ACADEMICS and members of the Chinese diaspora in Australia have signed an open letter submitted to parliament regarding proposed amendments to national security law partly aimed at undermining perceived influence of the Chinese Communist Party on the country’s politics and universities.
The letter was submitted to a parliamentary inquiry into a new national security Bill, focused on “espionage and foreign interference”. The Bill aims to clamp down on the ability of foreign entities to provide financial donations to Australian political parties or civil society organisations.
It would also impose penalties including jail time for the receipt of what the Australian government deems “sensitive” information that could threaten national security.
Signatories of the open letter – comprising of academic staff from many of the country’s leading universities including the Australian National University, the University of Melbourne, the University of Sydney and University of Adelaide – expressed concern over the legislation, aspects of which they said would “imperil scholarly contributions to public debate on matters of importance to our nation”.
“We are alarmed that the new legislation would criminalise the simple act of receiving information deemed harmful to the national interest, let alone discussing it in public,” it said. “While exemptions have been proposed for journalists, this does nothing to assuage our concern that the freedom of scholars to fulfil their public function will be threatened by these laws.”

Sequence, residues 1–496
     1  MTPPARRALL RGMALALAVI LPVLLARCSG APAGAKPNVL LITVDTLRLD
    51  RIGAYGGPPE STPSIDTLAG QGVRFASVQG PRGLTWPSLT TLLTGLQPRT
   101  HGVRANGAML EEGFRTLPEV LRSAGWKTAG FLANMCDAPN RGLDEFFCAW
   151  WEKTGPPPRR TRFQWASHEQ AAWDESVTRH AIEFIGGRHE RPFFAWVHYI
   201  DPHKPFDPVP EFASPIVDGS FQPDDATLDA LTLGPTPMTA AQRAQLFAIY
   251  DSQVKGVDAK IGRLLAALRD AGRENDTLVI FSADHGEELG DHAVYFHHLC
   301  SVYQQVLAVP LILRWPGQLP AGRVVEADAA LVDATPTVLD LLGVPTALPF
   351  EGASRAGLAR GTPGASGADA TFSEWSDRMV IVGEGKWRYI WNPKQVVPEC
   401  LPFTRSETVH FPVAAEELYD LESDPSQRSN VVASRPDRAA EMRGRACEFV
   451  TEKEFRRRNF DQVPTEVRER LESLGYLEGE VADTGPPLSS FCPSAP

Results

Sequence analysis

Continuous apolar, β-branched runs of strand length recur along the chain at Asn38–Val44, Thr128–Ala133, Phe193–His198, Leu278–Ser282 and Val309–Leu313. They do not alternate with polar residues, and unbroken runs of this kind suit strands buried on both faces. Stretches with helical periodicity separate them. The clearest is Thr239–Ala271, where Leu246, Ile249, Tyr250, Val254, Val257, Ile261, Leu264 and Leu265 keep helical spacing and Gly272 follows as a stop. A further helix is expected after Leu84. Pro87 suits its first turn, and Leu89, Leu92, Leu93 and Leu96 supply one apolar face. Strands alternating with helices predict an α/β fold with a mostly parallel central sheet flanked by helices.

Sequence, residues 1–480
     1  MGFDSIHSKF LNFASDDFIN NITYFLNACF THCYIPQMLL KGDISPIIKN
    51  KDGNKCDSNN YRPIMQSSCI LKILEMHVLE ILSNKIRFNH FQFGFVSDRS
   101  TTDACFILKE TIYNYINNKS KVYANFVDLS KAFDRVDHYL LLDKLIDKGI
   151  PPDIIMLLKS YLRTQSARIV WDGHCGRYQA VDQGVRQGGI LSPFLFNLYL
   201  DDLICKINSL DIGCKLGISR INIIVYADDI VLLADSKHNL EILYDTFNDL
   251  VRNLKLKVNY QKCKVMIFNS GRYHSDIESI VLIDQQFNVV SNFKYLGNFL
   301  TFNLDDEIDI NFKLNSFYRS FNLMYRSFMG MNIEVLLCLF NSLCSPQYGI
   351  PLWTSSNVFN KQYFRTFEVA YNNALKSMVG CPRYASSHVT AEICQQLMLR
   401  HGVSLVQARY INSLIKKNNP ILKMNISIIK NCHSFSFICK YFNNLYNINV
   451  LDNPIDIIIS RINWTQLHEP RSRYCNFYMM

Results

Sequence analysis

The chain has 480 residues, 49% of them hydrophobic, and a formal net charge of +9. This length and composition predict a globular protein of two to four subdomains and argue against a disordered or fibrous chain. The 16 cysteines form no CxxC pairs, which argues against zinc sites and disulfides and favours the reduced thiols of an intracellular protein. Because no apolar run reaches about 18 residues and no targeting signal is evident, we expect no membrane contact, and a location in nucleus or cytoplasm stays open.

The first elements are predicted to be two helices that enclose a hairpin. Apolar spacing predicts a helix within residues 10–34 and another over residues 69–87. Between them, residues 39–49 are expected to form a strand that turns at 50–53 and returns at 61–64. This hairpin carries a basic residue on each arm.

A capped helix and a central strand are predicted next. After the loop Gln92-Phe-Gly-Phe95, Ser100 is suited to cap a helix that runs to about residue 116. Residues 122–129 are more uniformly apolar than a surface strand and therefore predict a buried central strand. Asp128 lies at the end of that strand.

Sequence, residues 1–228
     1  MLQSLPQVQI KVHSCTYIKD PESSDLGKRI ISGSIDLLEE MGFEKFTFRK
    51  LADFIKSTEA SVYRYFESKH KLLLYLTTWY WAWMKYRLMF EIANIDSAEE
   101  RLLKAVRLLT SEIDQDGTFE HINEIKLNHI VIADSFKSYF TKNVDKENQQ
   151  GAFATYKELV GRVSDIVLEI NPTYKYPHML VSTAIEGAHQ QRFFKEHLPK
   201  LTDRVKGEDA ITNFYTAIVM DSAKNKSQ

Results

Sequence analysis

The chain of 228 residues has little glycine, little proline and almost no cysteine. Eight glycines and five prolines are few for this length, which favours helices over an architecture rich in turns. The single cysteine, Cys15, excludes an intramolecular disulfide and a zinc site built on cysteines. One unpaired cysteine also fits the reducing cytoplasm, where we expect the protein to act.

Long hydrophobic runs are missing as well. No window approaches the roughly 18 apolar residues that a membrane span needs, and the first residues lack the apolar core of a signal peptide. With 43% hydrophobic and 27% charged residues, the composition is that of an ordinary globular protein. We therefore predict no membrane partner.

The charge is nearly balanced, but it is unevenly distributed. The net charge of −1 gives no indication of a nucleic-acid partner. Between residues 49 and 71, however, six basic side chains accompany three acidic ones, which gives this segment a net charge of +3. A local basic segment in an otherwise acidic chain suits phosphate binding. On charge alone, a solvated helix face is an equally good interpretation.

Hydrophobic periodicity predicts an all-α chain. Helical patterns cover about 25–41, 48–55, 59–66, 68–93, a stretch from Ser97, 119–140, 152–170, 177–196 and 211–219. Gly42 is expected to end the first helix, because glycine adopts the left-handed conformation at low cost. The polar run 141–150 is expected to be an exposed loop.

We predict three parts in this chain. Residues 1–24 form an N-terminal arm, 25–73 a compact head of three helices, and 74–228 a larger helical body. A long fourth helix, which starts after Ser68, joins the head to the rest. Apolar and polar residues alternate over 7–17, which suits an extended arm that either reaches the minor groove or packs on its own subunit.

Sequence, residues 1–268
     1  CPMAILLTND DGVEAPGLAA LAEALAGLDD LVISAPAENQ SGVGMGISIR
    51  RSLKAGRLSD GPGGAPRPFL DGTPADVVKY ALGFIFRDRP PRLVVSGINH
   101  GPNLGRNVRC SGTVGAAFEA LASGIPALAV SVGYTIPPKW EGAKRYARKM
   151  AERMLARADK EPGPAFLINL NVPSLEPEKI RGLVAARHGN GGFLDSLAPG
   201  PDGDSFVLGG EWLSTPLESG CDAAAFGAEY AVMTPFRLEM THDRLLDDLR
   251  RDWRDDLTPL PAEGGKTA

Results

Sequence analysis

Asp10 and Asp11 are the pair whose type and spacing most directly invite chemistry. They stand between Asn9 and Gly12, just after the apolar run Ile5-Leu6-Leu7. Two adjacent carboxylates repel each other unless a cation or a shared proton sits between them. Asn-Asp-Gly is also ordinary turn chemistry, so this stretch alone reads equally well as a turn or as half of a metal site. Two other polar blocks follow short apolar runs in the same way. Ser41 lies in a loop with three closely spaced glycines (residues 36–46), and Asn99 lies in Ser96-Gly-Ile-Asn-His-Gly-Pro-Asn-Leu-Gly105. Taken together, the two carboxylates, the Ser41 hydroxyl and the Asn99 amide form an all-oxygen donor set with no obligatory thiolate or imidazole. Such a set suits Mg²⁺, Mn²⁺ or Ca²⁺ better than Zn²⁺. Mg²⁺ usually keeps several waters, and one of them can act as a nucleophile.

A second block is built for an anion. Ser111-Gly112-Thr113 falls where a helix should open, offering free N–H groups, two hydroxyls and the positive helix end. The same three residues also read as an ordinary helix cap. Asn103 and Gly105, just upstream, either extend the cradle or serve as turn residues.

Human Rights Watch and Amnesty International have also criticised the Bill, arguing that it would restrict rights to freedom of opinion and expression in Australia.
HRW has said in its current form, the Bill would see Australia “following in the steps of repressive countries” such as Cambodia and Turkey. “Legal provisions that chill free expression do not protect Australia’s democratic values but undermine them,” it said in a recent statement.
James Gomez of Amnesty said that the Bill is a “clear overreach” in the name of national security and would only serve to “hide government dealings from public scrutiny”, calling for it to be “scrapped immediately”.
The academics’ open letter also said that debate around supposed Chinese influence in Australia had “created an atmosphere ill-suited to the judicious balancing of national security interests with the protection of civil liberties.”
As a major trading partner of Australia, China’s role in business and politics has dominated headlines in recent years, particularly after Senator Sam Dastyari resigned in December 2017 over questionable links with Chinese businessmen. The Labor politician was found to have defended China’s position on the South China Sea during a visit to the country – contradicting his own party’s policy on the matter.
A recent book entitled Silent Invasion: China’s Influence in Australia by Clive Hamilton, a professor in public ethics at Charles Sturt University, has caused further controversy since it was released in February. It argues that China is actively trying to draw Australia into its sphere of influence and turn it into a “puppet state” by infiltrating government, business and academia.
The Chinese government has rejected the book’s claims as “completely meaningless and good for nothing.” The academics’ open letter also rejected Hamilton’s accusations, stating that: “We strongly reject any claim that the community of Australian experts on China, to which we belong, has been intimidated or bought off by pro-PRC interests.”
There was “no evidence” that China was seeking to export its political system to Australia, they said.
This article originally appeared on our sister website Study International News.